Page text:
Wednesday, June 26, 2013

July 4, Independence Day - A day of hot dogs, fireworks, and DUIs?

Every 4th of July, the California Highway Patrol (CHP) designates the Independence Day holiday as a "Maximum Enforcement Period", in which the CHP will use all available officers to crackdown on drunk drivers. This year will be no different. Last year, the CHP arrested almost 500 people for driving under the influence, a significant reduction compared to 2011, in which the agency arrested around 1600 people.

Keep in mind, it's not only the CHP on the lookout for those drinking and driving. Expect numerous DUI checkpoints statewide, stepped-up enforcement from local county sheriffs and police departments, as well as Caltrans "reminders" to "Report Drunk Drivers. Call 911".

The best solution is not to drink and drive - call a cab, designate a sober driver, or spend the night at a friends house (assuming you are there drinking). If you are pulled over on suspicion of drinking and driving, and you've been drinking, remember these 3 rules

  1. Be polite and courteous with the police officer (your demeanor and cooperation are often noted in the police narratives and may help with plea bargaining);
  2. Politely refuse to take the "Field Sobriety Tests" (FSTs); and
  3. Politely refuse to take the ROADSIDE "Preliminary Alcohol Screening" device test. (but please remember California's "implied consent" law wherein you are required to take a blood, breath and/or urine test at the police station or at a medical facility, or risk losing your driving license for one year and still face DUI charges).
The police officer should tell you that these tests are voluntary, most often though, they do not. If you are arrested on suspicion of driving under the influence of alcohol and/or drugs, call 949-440-3240 to schedule an appointment to speak to an experienced and successful DUI lawyer or visit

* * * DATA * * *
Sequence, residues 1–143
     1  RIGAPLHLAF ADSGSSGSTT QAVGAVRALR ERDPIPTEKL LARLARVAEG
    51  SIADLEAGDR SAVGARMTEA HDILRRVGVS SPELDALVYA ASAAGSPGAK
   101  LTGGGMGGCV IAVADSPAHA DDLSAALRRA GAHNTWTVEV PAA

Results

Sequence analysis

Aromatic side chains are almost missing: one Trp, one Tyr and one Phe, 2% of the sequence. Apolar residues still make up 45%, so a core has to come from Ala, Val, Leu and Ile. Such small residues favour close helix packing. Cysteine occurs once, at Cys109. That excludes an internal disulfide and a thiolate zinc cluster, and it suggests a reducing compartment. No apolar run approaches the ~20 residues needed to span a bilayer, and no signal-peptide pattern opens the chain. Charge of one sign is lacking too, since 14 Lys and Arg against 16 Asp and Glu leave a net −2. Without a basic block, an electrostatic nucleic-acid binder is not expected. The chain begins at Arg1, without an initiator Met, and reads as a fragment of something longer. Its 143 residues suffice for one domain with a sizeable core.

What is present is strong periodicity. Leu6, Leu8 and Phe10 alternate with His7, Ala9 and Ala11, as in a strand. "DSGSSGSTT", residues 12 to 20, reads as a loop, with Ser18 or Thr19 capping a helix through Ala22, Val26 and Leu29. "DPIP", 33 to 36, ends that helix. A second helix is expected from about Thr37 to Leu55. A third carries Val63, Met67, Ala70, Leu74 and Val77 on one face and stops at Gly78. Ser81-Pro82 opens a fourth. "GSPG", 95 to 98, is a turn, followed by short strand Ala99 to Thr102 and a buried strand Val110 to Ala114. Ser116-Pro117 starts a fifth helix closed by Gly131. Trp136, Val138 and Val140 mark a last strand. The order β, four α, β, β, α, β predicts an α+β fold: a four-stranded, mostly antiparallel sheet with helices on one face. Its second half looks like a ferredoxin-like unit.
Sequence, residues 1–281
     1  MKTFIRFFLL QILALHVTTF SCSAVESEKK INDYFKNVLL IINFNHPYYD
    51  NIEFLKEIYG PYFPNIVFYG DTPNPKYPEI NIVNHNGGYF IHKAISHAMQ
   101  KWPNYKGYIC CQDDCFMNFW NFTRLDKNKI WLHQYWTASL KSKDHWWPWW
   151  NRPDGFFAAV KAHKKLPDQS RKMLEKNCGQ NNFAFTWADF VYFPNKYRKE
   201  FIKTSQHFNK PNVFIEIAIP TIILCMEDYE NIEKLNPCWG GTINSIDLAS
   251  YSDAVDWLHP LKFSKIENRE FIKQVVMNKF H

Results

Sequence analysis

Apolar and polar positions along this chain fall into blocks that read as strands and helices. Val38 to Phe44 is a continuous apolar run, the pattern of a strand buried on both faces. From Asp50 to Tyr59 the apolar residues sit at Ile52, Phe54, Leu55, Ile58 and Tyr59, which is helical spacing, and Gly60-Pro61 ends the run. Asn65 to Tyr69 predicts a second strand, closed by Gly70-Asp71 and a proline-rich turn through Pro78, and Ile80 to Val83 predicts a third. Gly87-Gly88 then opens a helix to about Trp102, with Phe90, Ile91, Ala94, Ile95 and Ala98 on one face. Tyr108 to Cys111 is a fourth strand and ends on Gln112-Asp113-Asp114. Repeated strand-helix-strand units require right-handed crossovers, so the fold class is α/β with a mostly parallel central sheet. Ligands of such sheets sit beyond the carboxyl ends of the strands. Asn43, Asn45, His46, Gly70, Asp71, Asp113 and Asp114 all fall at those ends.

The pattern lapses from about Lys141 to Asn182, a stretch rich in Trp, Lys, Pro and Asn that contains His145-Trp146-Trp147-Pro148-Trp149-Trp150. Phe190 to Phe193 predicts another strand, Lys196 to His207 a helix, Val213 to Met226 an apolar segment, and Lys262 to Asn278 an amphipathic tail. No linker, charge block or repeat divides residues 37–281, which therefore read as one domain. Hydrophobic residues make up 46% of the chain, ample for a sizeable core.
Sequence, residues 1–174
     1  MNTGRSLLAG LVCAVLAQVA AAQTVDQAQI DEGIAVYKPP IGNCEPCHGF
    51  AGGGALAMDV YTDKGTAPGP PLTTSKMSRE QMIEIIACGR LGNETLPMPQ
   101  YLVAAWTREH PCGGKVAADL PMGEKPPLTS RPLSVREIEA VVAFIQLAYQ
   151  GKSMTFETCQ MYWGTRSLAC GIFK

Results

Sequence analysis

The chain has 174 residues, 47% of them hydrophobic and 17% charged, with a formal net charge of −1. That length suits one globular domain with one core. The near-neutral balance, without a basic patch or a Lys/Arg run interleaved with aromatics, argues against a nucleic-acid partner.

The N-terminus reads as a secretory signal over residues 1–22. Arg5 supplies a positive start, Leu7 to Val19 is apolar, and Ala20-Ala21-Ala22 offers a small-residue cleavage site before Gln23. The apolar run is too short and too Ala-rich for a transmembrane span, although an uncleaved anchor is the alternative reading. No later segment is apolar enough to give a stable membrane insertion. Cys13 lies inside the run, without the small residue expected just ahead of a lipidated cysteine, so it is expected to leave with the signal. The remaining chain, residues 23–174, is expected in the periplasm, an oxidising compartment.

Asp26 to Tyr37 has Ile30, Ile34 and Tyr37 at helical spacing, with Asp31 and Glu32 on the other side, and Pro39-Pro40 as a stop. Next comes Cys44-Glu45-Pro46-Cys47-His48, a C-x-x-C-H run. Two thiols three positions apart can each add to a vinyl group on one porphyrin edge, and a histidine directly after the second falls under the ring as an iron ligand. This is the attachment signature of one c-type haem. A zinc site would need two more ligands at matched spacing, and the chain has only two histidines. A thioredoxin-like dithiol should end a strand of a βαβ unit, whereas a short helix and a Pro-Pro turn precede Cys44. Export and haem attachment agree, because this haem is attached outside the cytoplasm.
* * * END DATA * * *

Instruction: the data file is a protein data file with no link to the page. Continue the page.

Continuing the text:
Above all, please remember it is dangerous to drink and drive, so please have plenty of fun, but be safe.

Wednesday, June 5, 2013

Federal Agency Proposes Changing BAC Limits to 0.05%

June 5, 2013 - The National Transportation Safety Board (NTSB) recommended in May that states change their "Per Se" Blood Alcohol Concentration (BAC) legal limits to 0.05%, down from the current 0.08% level that is uniform nationwide. While states have the final say on DUI laws, the federal government has used its considerable leverage by conditioning federal highway funds apportioned to states on their adopting the 0.08% limit. Conceivably, they could do the same for the 0.05% NTSB recommendation. But they will have a fight ahead of them. Numerous industries would be affected by a reduction in the BAC per se legal limits, including the beverage, restaurant, bar and nightclub, and sporting event industries. With powerful lobbyists at their disposal, and politicians friendly to their cause (and money, of course), it is unlikely that the NTSB would be able to lower the limits...for now.

As it is, many people don't realize that you can still be arrested and convicted for driving under the influence even if your BAC is under the 0.08% limit (CVC 23152(b)). Under CVC 23152(a), "[i]t is unlawful for any person who is under the influence of any alcoholic beverage or drug, or under the combines influence of any alcoholic beverage and drug, to drive a vehicle." As you can see, one can still be charged with DUI in spite of their BAC being under 0.08%, if they "were under the influence."

If you or someone who know has been charged with a DUI, you must act fast to: a) retain your driving privileges; and b) fight your pending criminal charges to minimize the potentially severe penalties associated with a DUI conviction. Call 949-440-3240 to speak to a licensed attorney or visit for more information on DUIs.